The Five: Swedish Dog BreedsApril 13, 2016
Since before the Vikings, the great popularity of dogs as pets, working animals and especially as companions in Sweden is obvious by the frequency with which they are found in ancient gravesites, buried with their masters. Many of these original breeds were hunting dogs that lived to assist in the chase. Here’s a look at several varieties of Swedish breeds.
Jämthund (Swedish Elkhound)
This spitz-like hunting dog bears the honor of being the national dog of Sweden. Named for Jämtland, a northern Swedish province, its bear and moose-hunting history stretches to the end of the last ice age. Some canine experts believe the breed resulted from the selective breeding of ancient aboriginal dogs. These sturdy, loyal dogs are also the official service dogs of the Swedish Marines and Air Force.
Smålandsstovare (Småland Hound)
First recognized in 1921 by the Swedish Kennel Club, the Småland Hound has its roots in 16th-century Sweden. In addition to being the oldest native scent hound, this smallest Swedish breed is quite rare. Originally bred to hunt foxes and hares, it nonetheless has a kind demeanor and loyal spirit. They’re excellent with children and other pets, although very protective of home and family. There are no outstanding health issues common to this breed, thanks to its natural resistance to disease and high immunity.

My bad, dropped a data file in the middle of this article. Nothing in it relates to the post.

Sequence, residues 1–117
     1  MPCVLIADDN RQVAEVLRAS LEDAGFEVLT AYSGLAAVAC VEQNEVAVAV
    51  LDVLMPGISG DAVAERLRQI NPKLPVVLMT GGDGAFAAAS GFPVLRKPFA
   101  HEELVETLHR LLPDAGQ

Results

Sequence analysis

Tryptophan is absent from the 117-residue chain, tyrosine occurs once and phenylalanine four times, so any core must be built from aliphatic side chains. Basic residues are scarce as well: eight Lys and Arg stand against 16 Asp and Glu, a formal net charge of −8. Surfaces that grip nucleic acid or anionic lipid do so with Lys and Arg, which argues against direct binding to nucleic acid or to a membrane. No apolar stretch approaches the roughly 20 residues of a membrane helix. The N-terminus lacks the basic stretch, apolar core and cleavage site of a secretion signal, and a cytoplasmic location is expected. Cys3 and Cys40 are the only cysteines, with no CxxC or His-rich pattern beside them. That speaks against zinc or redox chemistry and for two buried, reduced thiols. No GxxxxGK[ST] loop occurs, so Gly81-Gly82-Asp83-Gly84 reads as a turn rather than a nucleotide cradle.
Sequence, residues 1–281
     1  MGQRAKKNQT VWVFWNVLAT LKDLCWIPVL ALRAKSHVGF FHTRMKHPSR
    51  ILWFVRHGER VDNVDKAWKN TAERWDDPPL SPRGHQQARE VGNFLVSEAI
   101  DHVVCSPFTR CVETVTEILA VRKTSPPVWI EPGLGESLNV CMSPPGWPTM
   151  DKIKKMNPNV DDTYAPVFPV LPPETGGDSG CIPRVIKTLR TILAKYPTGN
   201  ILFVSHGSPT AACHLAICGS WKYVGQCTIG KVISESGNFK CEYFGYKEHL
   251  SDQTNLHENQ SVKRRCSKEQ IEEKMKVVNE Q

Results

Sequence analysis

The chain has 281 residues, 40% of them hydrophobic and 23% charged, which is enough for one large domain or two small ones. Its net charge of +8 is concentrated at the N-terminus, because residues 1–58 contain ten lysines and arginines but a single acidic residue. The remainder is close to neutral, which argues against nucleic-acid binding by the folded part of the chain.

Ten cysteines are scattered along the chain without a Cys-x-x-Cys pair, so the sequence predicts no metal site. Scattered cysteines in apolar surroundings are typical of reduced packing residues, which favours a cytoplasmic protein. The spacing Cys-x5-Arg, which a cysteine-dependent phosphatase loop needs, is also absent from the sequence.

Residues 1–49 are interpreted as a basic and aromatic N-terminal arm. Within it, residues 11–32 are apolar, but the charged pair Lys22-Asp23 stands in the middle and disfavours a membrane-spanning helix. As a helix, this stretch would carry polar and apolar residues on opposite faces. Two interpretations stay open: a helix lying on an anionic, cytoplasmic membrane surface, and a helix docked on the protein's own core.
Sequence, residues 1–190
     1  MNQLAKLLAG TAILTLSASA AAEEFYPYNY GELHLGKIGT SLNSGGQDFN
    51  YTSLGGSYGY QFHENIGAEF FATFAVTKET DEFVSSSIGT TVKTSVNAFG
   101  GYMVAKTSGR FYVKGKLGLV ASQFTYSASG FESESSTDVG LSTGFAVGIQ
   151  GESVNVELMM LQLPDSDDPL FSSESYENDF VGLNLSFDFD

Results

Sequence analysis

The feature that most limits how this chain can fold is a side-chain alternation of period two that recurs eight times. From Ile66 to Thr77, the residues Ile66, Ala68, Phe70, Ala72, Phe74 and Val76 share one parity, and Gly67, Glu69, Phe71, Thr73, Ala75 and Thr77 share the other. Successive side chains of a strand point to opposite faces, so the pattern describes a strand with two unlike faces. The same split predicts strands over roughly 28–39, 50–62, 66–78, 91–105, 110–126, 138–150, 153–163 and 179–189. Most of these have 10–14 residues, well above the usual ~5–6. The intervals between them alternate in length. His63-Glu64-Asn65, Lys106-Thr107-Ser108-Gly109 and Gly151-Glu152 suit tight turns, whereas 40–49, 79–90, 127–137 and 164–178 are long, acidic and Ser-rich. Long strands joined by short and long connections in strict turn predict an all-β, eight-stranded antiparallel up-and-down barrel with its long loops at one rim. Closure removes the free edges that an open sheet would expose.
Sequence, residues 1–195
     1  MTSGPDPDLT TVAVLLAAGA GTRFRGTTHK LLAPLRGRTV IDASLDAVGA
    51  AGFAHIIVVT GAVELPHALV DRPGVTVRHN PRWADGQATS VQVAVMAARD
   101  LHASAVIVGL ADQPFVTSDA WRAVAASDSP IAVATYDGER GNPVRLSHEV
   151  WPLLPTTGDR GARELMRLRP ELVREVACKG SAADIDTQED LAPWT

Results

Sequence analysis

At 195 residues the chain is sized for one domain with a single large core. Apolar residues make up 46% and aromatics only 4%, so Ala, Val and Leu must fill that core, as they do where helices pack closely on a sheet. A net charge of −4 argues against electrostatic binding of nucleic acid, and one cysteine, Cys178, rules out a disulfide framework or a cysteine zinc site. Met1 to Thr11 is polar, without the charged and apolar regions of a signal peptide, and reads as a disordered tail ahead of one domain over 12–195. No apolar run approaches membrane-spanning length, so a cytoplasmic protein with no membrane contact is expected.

Västgötaspets (Swedish Vallhund)
While similar to a Welsh Corgi in size and appearance, this playful little dog is very versatile thanks to a high level of intelligence. It excels in performance events such as agility, herding, obedience and tracking, making it a valuable assistant on a farm or ranch. While these dogs have a tendency to be “barkers” (which makes them wonderful watchdogs), Vallhunds are also calm and adaptable to various environments if plenty of daily exercise is available. They love their people and want to be with them as much as possible.
Over the centuries, this dog worked as a guard dog, hunting dog and even a reindeer herder. Another rare breed of which little is known outside of Sweden, it’s estimated that fewer than 1,500 exist today. Originally bred by the nomadic Sami people of Lappland, these dogs – the oldest of Sweden’s nine breeds – make wonderful, loyal companions that do best in a loving home. These small, Spitz-type dogs enjoy barking, so some training is necessary. They do well in competitions, and are sturdy, tireless playmates for children.
Hamiltonstövare (Hamilton Hound)
This native hunting dog was named after Count Adolf Patrick Hamilton, the founder of the Swedish Kennel Club. These beautiful dogs are low maintenance in the home, partially because they enjoy being lazy. Hamiltons are extremely flexible and agile, which calls for plenty of exercise. These traits make them perfect jogging or hiking partners. They possess natural instincts as rabbit or fox hunters and make excellent tracking dogs. They thrive in colder climates, as they cannot tolerate prolonged periods of heat.